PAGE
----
Brett Cenkus
Traders Magazine Online News

Trump Won't Kill America, Bitcoin Will

In this shared piece, author Brett Cenkus argues that nation-states will cease to exist not because of a who, but a what - and it's already here.

Traders Poll

Are you ready to comply with the new updates required by the amended Rule 606?

Free Site Registration

April 1, 2014

Anatomy of an ETF Challenger

By Renee Caruthers

Part of the growth of the U.S. ETF market is because the share of assets invested in ETFs as compared with mutual funds has grown in the U.S. Source expects ETFs have room to gain market share in Europe and predicts overall growth of European assets under management.

In fact, Europe appears to be attracting increasing interest at the moment. Europe's ETF market saw a 20 percent jump in assets in 2013 to $395 billion, according to the Financial Times. In addition to the Warburg Pincus acquisition of Source, U.S.-based ETF provider WisdomTree plans to acquire U.K.-based Boost ETP, and Charles Schwab has admitted to having begun to explore Europe's ETF market. U.S.-based ProShares says it is looking at opportunities outside the U.S. as well.

The European market and U.S. ETF markets operate differently, with U.S. ETF flow driven more by individual investors and the European market more institutionally driven, Lytle says. European investors do significant due diligence before approving ETFs and, as a result, an issuer may have to establish a footprint in the market to attract investment from institutional investors.




With the European ETF market attracting increased attention, some firms are bringing technology to market that is aimed at streamlining and increasing the efficiency of European ETF trading.

For authorized participants, who are the traders who trade the underlying stocks or securities that make up ETFs, there remain parts of the trade process in Europe that are fax-based and error prone.

"As demand grows, clearly that is going to give authorized participants more flow, and they will want to execute on that flow in as streamlined and efficient a manner as possible," said Pete McHugh, head of State Street's FundConnect product for EMEA.

FundConnect, which launched in Europe this year, is a platform that uses an online interface to automate communications between fund participants and plan sponsors. While there are other automated single-sponsor platforms in the market, McHugh said FundConnect is the first multi-sponsor platform, meaning authorized participants can use the system to not only to automate communications with State Street, but to automate interactions with other plan sponsors regarding their ETFs as well.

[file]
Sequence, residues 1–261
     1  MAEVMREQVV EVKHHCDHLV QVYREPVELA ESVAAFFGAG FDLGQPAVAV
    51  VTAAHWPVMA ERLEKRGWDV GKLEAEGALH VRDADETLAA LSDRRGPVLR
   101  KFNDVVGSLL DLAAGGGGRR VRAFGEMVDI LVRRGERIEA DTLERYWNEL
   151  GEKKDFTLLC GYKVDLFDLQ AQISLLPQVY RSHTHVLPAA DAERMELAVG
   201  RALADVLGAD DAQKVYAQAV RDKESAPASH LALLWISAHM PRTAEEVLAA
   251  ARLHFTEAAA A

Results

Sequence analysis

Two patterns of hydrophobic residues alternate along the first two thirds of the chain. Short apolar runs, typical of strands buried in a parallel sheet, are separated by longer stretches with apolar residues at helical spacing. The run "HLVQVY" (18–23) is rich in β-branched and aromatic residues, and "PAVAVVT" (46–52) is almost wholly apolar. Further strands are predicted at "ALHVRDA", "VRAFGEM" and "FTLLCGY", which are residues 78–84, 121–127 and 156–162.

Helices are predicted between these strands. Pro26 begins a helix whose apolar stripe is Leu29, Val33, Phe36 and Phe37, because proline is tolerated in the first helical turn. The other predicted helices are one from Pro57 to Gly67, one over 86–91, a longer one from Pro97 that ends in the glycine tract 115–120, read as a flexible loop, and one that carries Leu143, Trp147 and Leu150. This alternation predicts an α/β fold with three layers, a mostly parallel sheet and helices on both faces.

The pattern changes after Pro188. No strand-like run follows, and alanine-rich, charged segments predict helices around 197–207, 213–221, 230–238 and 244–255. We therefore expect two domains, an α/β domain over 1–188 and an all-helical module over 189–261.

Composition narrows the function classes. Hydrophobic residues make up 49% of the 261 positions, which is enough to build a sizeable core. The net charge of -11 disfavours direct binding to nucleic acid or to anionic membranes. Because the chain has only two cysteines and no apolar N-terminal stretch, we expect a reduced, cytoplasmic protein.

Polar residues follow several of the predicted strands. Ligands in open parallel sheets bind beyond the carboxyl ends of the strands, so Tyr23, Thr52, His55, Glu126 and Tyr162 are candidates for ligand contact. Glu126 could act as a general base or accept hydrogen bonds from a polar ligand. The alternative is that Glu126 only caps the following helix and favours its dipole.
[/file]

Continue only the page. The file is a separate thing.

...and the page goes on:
"We are working with various participants in the marketplace to get to the end state where we would have as many sponsors as possible on the platform, whereby the authorized participants could log on to a single destination venue rather than having to log on to single sponsor platforms," McHugh said.

In Europe, the fax-based communications can be particularly problematic because of the variety of settlement locations. In the U.S., all ETFs settle at the Depository Trust & Clearing Corp., but in Europe, a batch of trades could be split with trades settled at different settlement facilities in different counties.

"When doing this over faxes, if not all ETFs are delivered to the same settlement location, it's easy to make errors on behalf of the AP," McHugh said. "Now we have a high degree of control over that sort of information and static data."

Another adjustment made to the European version of the platform is an estimated market price feature that gives authorized participants an estimate of how much the basket of trades being traded are worth.

Meanwhile, the Navesis-ETF platform, a joint venture between interdealer broker Tradition and global investment bank Nomura, which is a leading ETF market maker, helps streamline creation and redemption by enabling authorized participants to cross trades in the secondary market, potentially avoiding the costs and settlement complexity of the primary market for ETFs.

Launched in 2012, Navesis-ETF is the first multilateral a trading facility that facilitates NAV-based trading of ETFs in the secondary market. A fully electronic trading platform, it is used by investors who prefer to trade ETFS based on NAV prices, but it is also used by authorized participants as an alternative to the traditional creation redemption process.

"Rather than trade inventory on the primary market, which can be expensive and complex, it allows market participants to engage in intra-day and auction trading referencing NAV prices in real-time, transparently, and at competitive prices," said Jason Griffin, head of sales for Navesis-ETF.


(c) 2014 Traders Magazine and SourceMedia, Inc. All Rights Reserved.